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FORUMS Photography Talk by Genre Critique Corner 
Thread started 06 Sep 2009 (Sunday) 23:16
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Mountain bike - Conway National forest

 
rcfury
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Sep 06, 2009 23:16 |  #1

We I tired to take my Camera equipment with me while mountain biking. Brought my camera and tripod (strapped to my bike frame), to a very cool section of the local bike trail. This is a self portrait all done by the timer on the camera which, is much harder than it looks. Since this we kinda deep in the woods and wanted a small aperture, couldn't get anything above 20th of a sec. Sense the difference between the ambient light and the sky was well above 4 stops it was tough to expose everything. Did have to do a little Trickery on the sky to make it somewhat ok

IMAGE: http://farm4.static.flickr.com/3474/3895517120_5179de04ca_o.jpg

~Nathan
Gear: Canon 1Dm2, 10D, Canon 17-40L, 70-200 2.8L EF-50 1.4, and the Canon 550EX flash
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rcfury
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Sep 07, 2009 11:10 |  #2

Looking at the photo again... I think if I was farther down the path it would have been better.
Didn't use a GND as I thought the entire top of the trees would have been gotten too dark but, then all the trees became so blown out due to the sky anyway. Oh well.. You can only do so much when you have to press the shutter and sprint to the bike!


~Nathan
Gear: Canon 1Dm2, 10D, Canon 17-40L, 70-200 2.8L EF-50 1.4, and the Canon 550EX flash
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RMXSeven
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Sep 07, 2009 23:23 as a reply to  @ rcfury's post |  #3

Love the concept.
Keep it up!

Apart from the use of an ND Grad filter, You're getting some motion blur in the legs, which is fair enough considering the situation you were in!

Also, it seems the ratio of tree to rider is a little too much tree.
If you got in a little closer, and a little lower (Camera wise), it might get you the effect you are after.

Hmm, quite a challenge you've set for yourself. Perhaps, grab a wireless shutter from eBay, save you the timing issues, allowing you to be closer to the camera at the time it triggers, also allows for use of flash, fixing up the slow exposure issue you mentioned.

Looks like a nice trail :)

Regards,
~Ronen


Canon 40D | EFs 10-22 | EFs 17-85 | Sigma 70-300 APO | EF 50mm Fantastic Plastic
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rcfury
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Sep 08, 2009 00:35 |  #4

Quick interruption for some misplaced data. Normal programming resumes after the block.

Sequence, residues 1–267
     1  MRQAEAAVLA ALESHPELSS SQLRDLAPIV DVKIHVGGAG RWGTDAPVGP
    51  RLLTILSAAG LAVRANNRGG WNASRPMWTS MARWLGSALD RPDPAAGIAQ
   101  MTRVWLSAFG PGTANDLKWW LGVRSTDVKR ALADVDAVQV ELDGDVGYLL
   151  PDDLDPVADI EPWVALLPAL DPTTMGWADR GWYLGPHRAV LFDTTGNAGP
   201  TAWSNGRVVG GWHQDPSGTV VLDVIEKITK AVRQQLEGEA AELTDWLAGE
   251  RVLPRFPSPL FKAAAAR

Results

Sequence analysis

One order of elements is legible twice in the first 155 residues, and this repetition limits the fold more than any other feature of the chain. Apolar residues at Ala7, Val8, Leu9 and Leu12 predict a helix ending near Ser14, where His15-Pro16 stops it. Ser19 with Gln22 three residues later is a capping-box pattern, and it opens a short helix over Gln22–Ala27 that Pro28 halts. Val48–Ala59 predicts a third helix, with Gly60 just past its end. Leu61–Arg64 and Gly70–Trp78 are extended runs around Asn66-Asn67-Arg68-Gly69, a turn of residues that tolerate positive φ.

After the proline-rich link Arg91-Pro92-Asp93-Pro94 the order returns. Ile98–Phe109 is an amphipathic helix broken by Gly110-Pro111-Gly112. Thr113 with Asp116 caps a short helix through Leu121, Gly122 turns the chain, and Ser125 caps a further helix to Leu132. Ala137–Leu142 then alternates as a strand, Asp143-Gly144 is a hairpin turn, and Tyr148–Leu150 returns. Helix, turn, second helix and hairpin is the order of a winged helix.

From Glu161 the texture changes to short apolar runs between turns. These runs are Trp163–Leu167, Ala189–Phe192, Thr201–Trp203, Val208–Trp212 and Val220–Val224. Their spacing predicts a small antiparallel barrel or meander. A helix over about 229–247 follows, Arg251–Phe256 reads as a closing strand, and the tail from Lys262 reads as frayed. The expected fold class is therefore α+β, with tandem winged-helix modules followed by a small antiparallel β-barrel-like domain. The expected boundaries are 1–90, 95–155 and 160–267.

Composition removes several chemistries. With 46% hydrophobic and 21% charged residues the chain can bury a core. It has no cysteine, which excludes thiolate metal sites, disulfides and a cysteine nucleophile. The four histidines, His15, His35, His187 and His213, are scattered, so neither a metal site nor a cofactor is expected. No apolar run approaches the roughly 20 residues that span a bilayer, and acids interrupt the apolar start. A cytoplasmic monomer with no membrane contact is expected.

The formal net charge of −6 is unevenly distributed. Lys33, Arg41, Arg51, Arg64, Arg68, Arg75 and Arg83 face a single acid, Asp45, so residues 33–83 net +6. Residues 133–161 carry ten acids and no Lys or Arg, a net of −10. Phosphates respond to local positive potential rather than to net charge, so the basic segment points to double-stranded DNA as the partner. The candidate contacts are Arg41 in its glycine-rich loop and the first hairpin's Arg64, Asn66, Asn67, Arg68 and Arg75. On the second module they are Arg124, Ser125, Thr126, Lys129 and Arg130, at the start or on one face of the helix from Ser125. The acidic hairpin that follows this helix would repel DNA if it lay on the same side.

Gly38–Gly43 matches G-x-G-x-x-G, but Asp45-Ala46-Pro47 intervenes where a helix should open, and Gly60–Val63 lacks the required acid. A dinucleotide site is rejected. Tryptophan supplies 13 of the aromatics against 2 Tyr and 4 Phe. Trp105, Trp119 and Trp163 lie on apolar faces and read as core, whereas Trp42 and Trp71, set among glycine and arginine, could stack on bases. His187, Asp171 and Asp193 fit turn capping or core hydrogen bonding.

Thank you very much for the response.. Type of information i was after.

Do you think its too much tree? I just loved the look of these tall trees on each side of the path. So I was trying to get this Lone rider in the forest type of look. If i had more trail in the photograph it might have conveyed the feeling i was after.

I am very limited on what i can bring in terms of equipment as the only way to get to this part of the trail is to ride. So what i can fit in my messenger style bag is what i can bring. Granted a wireless trigger system would be good and give me more freedom.


~Nathan
Gear: Canon 1Dm2, 10D, Canon 17-40L, 70-200 2.8L EF-50 1.4, and the Canon 550EX flash
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♦ Check out my FLICKR  (external link) (external link)

  
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RMXSeven
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Sep 08, 2009 01:31 |  #5

No problem at all.

Personally (Just a preference thing) I feel that having the rider fill out the frame more would be beneficial.

From the low angle, looking upwards, you can keep the feeling of the tallness of the trees (They will curve in a little also by doing this).

It's probably worth a shot.

Another cool thing to try, albeit dangerous, is to climb one of those trees, and shoot it from up high (Def need a remote trigger for that!). That would show heaps of path, give the rider a little more direction, and still maintain the tallness of the trees.

Just thinking about the original again, you might lose the "endlessness/lone rider" feeling that you portray.
Hmm how I would like to see down the path.
Having the rider not in the centre of the frame (taking a few steps to the right say and rotating ure camera a little), will show the path, and give a little more depth to the shot. Unless of course, the rest of the path is ugly or there is a yeti or something on the horizon.

Ultimately, it's your shot, so go the direction you feel is right.
Looking at your flickr thumbnail of the same image, I can see where you were headed with it a little more clearly.

Keep experimenting, and surely you will find the optimal compromise.

In the meantime, I checked out your Flickr site, but this particular photo hasn't been uploaded at max resolution. If you want, send me (or link) the original shot, in RAW if you have it, and I'll try and tweak the sky a little, just to see if we can do anything with it.

I am, of course, still a noob, so take everything I say with a pinch of salt.

~Ronen


Canon 40D | EFs 10-22 | EFs 17-85 | Sigma 70-300 APO | EF 50mm Fantastic Plastic
FujiFilm X-E1 (Sexy One)

  
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Mountain bike - Conway National forest
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